Home > Archive >A Rare Piece?
Wed, Jun 30th, 2004 10:48:02 PM
Topic: A Rare Piece?

There was also another soumak bag that flopped out of kaffel’s cedar chest for his presentation at acor. Here is the photo:

We also include, in it’s entirety, what kaffel had to say about his other soumak bag with RK’s comments following in bold type:

“While there are many soumak bags with a pattern of all-over octagons on an ivory field,…”
RK begs to differ with kaffel about this statement. There are not many bags with all-over octagons, even if you include newish ones that are genuine and not reproductions made to look old. Considering kaffel’s strongest point as a collector, besides his financial resources, is his obsession in noting what was published where and what it sold for his erroneous statement about the number of these soumaks is surprising.

…“what particularly attracted us to this piece is the odd relationship of field to border…”
Yes, mr kaffel it is odd, in fact that odd-ness should have alerted you to the fact your bag is a late, somewhat degenerate version of older bags. Yours is a pastiche, an amalgam, and we will now show two much older soumak bags that relate to your “piece”. Here are their photos:

By the way, both of these are also included in the Weaving Art Museum soumak exhibition. The first one is the oldest soumak bag I have ever seen and is the archetype of this design type. The second, while not as ancient is still very old – much older than kaffel’s. It can be seen as the prototype for kaffel’s “piece’s” main border but more about the border soon.

“…the small field almost functions as a central medallion against a disproportionately bold border.
What kaffel so gingerly refers to as disproportionately bold actually would be more properly described as totally out of proportion. One of the easiest to recognize tell-tale sign of degeneration is a poor command of proportion and kaffel’s bag’s field to border relationship fits that description to a “T”. Notice, dear readers, and you to mr kaffel, how the other two bags shown here remain in ‘design-balance’ even though their borders are equally exceptionally wide. Sorry ralph, again you missed the boat but you did end up in a dinghy, which isn’t too bad.

“This particular "anchor" border is known on many bags…”
Again kaffel's exaggerated the number soumak bags with this borders and puhleeze, mr kaffel, save your anchor analogies for your dinghy-rides and spare rugdom such pedestrian and foolish nomenclature as enough of it already exists.

“…with a single octagonal central medallion,…”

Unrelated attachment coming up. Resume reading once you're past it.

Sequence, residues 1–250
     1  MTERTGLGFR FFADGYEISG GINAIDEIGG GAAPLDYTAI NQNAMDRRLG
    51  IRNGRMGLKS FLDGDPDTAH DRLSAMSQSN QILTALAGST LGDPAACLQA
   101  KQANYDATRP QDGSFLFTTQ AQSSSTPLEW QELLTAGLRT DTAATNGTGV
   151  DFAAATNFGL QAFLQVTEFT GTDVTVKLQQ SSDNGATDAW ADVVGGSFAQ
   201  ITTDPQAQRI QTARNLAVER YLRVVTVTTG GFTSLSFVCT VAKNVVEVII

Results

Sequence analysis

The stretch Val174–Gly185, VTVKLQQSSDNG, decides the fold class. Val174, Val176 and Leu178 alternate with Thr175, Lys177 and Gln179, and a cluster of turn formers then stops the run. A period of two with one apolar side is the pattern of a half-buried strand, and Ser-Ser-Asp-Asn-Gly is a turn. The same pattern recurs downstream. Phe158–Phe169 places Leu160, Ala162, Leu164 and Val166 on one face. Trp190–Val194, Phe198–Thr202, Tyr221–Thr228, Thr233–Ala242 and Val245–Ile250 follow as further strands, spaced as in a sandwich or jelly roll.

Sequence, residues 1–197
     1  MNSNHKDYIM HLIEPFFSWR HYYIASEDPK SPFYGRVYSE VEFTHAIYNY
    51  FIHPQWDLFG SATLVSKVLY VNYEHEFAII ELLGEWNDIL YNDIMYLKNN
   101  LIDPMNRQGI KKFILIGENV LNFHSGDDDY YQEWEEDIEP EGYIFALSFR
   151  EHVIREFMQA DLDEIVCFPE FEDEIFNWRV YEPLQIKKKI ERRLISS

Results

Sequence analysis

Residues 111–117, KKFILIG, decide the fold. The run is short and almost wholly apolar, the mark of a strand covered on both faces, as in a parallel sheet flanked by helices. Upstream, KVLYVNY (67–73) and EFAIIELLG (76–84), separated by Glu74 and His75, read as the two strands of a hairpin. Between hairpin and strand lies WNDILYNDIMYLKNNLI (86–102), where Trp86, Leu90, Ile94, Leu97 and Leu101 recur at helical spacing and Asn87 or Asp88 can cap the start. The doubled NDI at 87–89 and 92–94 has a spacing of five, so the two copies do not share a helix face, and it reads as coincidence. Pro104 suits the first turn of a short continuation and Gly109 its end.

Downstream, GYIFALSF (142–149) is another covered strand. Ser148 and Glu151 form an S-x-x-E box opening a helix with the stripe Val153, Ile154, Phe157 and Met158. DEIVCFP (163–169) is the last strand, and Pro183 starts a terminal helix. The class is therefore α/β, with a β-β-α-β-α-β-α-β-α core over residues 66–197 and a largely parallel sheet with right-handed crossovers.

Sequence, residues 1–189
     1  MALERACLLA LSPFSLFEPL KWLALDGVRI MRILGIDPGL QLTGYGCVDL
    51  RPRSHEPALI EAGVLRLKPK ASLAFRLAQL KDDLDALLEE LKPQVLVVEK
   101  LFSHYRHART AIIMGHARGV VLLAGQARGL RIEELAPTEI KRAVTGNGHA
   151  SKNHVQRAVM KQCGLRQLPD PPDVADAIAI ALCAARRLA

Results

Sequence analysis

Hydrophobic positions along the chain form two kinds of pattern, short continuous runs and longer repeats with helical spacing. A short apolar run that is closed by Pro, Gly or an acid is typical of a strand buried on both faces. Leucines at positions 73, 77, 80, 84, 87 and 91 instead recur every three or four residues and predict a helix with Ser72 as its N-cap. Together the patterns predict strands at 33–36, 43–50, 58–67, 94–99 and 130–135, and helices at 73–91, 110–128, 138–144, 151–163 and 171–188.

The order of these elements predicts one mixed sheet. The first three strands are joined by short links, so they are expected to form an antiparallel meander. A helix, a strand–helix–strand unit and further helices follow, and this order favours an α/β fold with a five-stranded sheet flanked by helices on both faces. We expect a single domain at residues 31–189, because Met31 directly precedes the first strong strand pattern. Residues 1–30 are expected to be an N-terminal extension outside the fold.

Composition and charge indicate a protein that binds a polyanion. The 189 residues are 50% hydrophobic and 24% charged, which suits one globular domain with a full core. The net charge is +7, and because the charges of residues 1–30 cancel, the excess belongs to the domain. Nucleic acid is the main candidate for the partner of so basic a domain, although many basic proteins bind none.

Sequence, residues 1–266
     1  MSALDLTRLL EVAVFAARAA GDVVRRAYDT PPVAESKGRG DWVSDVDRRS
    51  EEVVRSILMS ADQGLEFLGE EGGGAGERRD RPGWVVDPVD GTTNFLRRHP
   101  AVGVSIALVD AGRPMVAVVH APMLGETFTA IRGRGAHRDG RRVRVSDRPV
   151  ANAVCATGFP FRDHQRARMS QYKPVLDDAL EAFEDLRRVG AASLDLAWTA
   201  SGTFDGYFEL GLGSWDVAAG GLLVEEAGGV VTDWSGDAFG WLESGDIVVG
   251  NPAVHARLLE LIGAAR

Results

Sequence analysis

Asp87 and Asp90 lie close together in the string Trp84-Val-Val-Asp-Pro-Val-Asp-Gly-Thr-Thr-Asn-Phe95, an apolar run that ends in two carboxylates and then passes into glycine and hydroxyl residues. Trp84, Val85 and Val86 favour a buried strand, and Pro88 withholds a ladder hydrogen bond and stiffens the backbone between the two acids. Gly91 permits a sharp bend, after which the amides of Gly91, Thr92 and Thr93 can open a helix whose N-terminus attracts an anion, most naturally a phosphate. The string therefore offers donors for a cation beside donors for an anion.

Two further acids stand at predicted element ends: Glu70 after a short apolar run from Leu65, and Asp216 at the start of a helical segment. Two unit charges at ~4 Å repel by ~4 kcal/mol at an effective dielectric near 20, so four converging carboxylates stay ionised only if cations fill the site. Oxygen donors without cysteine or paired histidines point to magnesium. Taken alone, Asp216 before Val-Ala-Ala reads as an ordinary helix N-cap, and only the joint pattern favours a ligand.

The octagon bags kaffel mentions are similar the one from the Weaving Art Museum exhibition shown above. Should any of you soumak fans be interested in further information about it and another of the type you will find they were featured in another series of posts here on RK.com. You can access them by looking around the various Topic Areas. Briefly, this one is the oldest and best example known of that group and by the way the other half is also on loan to WAMRI.

“but it is unique for the type with an all-over octagon design.”
Sorry again mr kaffel but the fact your soumak bag’s pastiche of designs is unique is totally meaningless in the real world. Why you might ask? Because such design recombinations like yours lack the integrity and, more significantly, negate the as yet unknown “symbolic” content the earlier originals, your piece apes, possessed. This is not the time or place to hypothesize what content they might have carried but suffice it to say this just didn’t happen by accident but rather from a purposeful intent to convey a ‘message’.

“Note that the negative white space can be read as perfectly-formed six pointed stars.”
For your information, mr kaffel, the field of the first WAMRI bag provides the archetype for those goofy six-pointed stars in the field of your “piece” as this detail clearly demonstrates:

This exercise could continue but we will close it off now by briefly detailing the derivation of the “bold” border, as he characterized it, of kaffel's “piece”. Here are three details of this border type:

The first, starting on the left, is from the first WAMRI soumak bag and it is the archetype. The next is from the second WAMRI bag and though not as early, it is still far older than kaffel’s and should be considered the prototype for his. The last is from kaffel’s bag.

There are a number of details to substantiate this comparison and while we could “feed” them to you all we would rather our readers stretched their minds a bit for themselves. Go study them well and also carefully examine the photos of the three bags. In doing so we are sure this can’t help but increase anyone’s, even yours ralph, understanding of how later bags, like kaffel’s, are nothing more than contrived amalgams of far earlier weavings. 'Nuff said?

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